The toddler is dipping her toes in the water.
Across the lake, yards that may as well be miles away from her, ducklings are marching a drunken parade that is the stuff tiny Fable dreams are made of, and she wants to hold one. She knows that between them are the depths and the shadows and the cold of the water and her inability to swim, but she is a single-minded spirit with rebellion in her soul, and today her soul cries “Ducky.”
The water is deep, but she doesn’t see the water. She only sees what she is missing. She only sees what she lacks.
There is a rebel of a girl who lives deep within me who only sees the lack. She rages about the missing thing, aches to give it a name and a face and a value. She is fear and fire, and she plants her toes loosely on the edges of disaster and insists that fulfillment is somewhere waiting in the burn and the glow. She believes that contentment is a thing captured and granted and anchors her will in the pull of the illusive more.
I used to hate her. I used to hide her and shame her and scream blame at her fickle fearful grasping and her tantrums and her noise. But I’m learning to see her for what she is, what she isn’t, what she doesn’t know. She believes that contentment is a thing captured, but I know that contentment is a victory won. Contentment is the war wound healed from the stubborn fight of gratitude. It is the armor chained from carefully curated observations of grace – a head on a shoulder, a glimpse of salvation, the chirp of a cricket, the clothes on the line. It is a thing that breaks and rebuilds. It is a thing that is broken and rebuilt.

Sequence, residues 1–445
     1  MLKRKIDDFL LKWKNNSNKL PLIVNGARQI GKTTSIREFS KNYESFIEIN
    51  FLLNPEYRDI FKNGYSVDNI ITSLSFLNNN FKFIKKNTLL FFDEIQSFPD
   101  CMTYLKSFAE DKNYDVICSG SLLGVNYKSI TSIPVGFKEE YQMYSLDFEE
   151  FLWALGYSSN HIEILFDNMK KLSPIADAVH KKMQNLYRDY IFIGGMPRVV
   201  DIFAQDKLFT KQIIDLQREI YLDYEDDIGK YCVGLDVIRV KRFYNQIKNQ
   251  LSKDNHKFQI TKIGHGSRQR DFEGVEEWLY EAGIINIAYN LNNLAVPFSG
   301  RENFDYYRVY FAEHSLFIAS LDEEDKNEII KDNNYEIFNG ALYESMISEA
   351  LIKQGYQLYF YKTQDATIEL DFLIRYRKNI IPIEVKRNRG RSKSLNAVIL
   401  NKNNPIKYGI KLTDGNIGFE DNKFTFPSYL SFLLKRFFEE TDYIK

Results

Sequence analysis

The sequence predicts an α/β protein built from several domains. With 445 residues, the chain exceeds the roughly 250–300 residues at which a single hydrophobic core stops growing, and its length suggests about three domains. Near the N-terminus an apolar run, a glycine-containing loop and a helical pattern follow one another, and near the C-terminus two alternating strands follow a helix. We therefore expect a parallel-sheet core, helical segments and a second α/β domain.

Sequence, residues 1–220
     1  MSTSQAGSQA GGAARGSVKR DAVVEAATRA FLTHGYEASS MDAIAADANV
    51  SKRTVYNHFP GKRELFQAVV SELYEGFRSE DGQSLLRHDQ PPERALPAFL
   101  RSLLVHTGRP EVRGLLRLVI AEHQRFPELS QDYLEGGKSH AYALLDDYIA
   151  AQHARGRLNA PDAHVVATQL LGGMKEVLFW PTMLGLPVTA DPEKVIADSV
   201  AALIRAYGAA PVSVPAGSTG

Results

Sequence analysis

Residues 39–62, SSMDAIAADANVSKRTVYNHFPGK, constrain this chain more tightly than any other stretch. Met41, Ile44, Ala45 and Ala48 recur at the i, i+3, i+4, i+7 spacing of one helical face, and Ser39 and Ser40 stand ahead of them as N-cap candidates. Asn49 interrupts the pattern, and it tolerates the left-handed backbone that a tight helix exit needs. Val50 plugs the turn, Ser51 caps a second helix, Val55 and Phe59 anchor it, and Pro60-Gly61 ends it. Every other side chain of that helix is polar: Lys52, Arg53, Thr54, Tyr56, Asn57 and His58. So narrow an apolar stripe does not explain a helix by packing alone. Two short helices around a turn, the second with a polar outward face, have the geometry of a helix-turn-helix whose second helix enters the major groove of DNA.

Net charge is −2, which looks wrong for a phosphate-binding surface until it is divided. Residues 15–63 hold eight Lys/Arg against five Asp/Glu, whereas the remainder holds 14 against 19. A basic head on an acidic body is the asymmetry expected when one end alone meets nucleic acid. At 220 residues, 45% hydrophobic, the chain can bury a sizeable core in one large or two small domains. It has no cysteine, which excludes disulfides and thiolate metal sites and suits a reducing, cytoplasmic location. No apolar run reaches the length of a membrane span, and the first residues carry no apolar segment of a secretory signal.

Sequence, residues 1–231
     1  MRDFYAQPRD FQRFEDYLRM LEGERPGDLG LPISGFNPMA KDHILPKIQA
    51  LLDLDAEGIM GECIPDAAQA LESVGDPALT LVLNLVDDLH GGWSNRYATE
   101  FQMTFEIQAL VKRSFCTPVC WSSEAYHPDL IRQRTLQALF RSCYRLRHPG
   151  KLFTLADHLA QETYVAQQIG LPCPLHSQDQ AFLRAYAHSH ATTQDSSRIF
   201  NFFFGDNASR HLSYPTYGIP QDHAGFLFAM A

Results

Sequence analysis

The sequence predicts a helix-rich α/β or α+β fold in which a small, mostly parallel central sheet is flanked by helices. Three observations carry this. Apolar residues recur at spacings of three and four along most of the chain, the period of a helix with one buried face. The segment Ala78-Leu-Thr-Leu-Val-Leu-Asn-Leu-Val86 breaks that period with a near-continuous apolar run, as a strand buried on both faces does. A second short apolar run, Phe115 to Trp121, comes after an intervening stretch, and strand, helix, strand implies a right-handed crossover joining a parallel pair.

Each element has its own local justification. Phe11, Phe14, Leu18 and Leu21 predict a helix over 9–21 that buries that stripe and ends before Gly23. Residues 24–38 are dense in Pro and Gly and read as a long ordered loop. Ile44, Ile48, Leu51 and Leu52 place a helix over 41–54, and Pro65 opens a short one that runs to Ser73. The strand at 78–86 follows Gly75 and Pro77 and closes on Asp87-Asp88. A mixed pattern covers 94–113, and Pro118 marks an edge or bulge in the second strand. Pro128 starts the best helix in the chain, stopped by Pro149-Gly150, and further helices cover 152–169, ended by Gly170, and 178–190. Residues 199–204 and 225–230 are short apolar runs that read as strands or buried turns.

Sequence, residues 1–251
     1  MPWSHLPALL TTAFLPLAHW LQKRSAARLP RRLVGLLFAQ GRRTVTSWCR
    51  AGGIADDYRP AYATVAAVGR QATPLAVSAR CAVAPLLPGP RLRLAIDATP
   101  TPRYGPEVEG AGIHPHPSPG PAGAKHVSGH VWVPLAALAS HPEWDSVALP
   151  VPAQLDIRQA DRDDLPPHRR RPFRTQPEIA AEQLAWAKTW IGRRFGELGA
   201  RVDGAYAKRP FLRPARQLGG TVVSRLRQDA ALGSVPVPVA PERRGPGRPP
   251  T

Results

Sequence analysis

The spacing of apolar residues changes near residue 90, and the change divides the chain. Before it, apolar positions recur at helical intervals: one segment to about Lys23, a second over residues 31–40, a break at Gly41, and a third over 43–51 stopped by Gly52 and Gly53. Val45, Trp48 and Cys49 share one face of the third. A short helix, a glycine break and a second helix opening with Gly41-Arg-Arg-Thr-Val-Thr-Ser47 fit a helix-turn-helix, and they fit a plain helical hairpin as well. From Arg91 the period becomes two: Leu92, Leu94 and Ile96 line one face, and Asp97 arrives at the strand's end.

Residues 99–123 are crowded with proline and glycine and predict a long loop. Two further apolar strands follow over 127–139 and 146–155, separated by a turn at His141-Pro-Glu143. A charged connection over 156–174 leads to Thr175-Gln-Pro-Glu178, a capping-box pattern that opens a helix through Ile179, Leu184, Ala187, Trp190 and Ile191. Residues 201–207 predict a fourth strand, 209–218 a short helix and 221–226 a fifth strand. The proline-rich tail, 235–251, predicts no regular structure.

Contentment is not the capture and keeping of beautiful things. Contentment is watching beauty from the shore with eyes full also of the beauty beneath our feet and in our hearts and in our hands and accepting that nothing will ever be complete here, but aren’t we all worth it, and aren’t we all tragic and precious grasping love with white knuckles, yearning to know each other, following each other home.
We are each other’s, the frightened girl inside and the toddler on the waters edge and the mother-me who is learning where to build the fences and where to tear them down.
Today, motherhood is taking the girl with the rebellion in her soul in my arms and carrying her away from the edges of rivers and fires and the siren song of want. Compassion is hearing her protests and honoring the plain and lovely sadness of her loss. Faith is a patient hand in her hair as long as the tears fall and the presence of spirit to place something beautiful into her empty, grasping hands (the rain on the pavement, the truth of a promise, the sound of you on my skin) and hope is the whisper “Hold tightly, tiny beautiful girl.”
Hold tightly, hold tightly, and never let go.